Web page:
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At Chamber breakfast, Maynard discusses state prisons' impact on Hagerstown, Washington County

July 10, 2008|By ERIN JULIUS

With three state prisons south of Hagerstown, the Division of Correction pumps nearly $200 million into the local economy through payroll and operating costs, Maryland's public safety chief said Wednesday morning during the Hagerstown-Washington County Chamber of Commerce's monthly Eggs and Issues breakfast.

Maryland's Department of Public Safety and Correctional Services is the state's largest agency, with an annual budget of about $1.4 billion and about 12,000 employees, Secretary Gary D. Maynard said.

His department oversees the state's prisons, the Division of Parole and Probation and Maryland State Police.

The three prisons south of Hagerstown house about 6,000 inmates and bring at least 1,700 jobs to the area, with most of the prison's employees living in Hagerstown or Washington County, Maynard said.

Annual payroll at the three prisons is about $117 million, and operating costs result in about $64 million a year going to the local economy, he said.

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Maynard last visited the Hagerstown-Washington County Chamber of Commerce in August 2007. During that meeting, he announced a change in the prison system's inmate-release policy.

Inmates are now released from institutions in their home regions.

Prior to the policy change, inmates from all five state prisons in Western Maryland - including two in Allegany County - were dropped off at the Greyhound bus station in Hagerstown. These inmates were expected to report to parole and probation in other jurisdictions, depending on where they were from, but some never reported, and instead stayed in Hagerstown and contributed to local crime, city officials contended.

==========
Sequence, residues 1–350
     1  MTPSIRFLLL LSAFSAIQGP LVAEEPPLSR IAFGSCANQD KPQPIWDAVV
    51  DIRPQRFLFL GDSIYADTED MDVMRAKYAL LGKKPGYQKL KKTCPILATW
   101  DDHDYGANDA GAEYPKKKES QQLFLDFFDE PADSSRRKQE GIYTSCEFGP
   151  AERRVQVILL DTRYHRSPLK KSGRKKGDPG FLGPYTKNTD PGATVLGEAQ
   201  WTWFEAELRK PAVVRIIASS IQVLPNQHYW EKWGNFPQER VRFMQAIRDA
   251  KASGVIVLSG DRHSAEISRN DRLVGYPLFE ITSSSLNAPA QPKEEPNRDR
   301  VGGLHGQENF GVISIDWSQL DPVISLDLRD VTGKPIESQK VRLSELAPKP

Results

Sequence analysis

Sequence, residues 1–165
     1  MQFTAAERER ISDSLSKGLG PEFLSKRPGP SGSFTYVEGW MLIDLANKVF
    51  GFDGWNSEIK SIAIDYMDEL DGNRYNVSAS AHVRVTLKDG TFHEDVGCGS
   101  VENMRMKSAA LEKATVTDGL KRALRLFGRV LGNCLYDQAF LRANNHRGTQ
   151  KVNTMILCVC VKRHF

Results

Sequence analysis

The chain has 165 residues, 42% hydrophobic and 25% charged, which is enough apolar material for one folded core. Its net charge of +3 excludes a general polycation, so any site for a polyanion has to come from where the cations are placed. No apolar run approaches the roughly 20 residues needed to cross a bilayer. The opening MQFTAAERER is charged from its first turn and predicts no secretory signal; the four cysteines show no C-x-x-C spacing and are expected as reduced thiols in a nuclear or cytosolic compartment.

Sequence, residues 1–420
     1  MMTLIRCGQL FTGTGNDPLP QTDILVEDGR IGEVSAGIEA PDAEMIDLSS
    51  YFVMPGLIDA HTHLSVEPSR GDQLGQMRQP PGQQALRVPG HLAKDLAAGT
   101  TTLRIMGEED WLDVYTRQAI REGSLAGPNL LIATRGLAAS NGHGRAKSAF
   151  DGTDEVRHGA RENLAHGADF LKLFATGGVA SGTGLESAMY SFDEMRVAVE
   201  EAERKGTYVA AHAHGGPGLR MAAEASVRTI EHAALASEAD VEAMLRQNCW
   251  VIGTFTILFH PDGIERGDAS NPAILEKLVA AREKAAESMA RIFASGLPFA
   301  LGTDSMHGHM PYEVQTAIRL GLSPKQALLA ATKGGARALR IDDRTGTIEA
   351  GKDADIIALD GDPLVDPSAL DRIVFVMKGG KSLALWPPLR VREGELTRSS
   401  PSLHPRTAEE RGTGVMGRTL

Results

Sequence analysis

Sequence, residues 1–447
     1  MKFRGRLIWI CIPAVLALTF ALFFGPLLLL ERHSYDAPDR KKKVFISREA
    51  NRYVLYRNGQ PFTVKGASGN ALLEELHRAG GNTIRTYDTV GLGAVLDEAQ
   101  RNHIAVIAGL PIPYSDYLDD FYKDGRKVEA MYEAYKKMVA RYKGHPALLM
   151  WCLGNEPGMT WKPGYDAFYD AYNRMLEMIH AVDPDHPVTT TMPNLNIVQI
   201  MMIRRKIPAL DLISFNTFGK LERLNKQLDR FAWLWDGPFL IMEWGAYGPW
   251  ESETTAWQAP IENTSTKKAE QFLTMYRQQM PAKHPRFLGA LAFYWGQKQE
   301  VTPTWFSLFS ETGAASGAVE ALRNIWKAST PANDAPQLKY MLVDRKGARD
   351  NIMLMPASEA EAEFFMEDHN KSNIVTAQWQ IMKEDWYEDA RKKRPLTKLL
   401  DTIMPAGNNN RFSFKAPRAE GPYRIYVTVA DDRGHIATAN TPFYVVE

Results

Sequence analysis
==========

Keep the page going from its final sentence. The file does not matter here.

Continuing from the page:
Former state Del. Paul Muldowney on Wednesday said the inmate-release policy had been an issue in Hagerstown for at least 10 years. Maynard met with a group of local officials and "fixed it the next day," Muldowney said.

"The public owes him a tremendous debt of gratitude," Muldowney said.

Maynard on Wednesday also discussed Maryland Correctional Enterprises, the prison industry arm of the state Division of Correction. MCE was designed as a self-supporting industry system.

About 400 inmates within the Hagerstown prisons are employed by MCE, he said. Maynard now wants to triple the size of MCE throughout the state, he said.

Half of MCE's profits last year were generated by Hagerstown-area prisons, Maynard said.

"It's about getting offenders skills they can use when they get out," he said.

Less than 1 percent of offenders die in prison, the secretary said.

"People are going to return to the community, either as people who are going to offend again or as law-abiding, tax-paying citizens," he said.

If inmates learn job skills, earn GEDs, get help dealing with any addictions and are reunited with their families, more than likely they won't reoffend, he said.

Responsibility for education within Maryland's prisons recently shifted from the Maryland State Department of Education to the Department of Labor, Licensing and Regulation. With DLLR managing the training, prison officials will be able to clearly direct offenders into job skills tracks, Maynard said.

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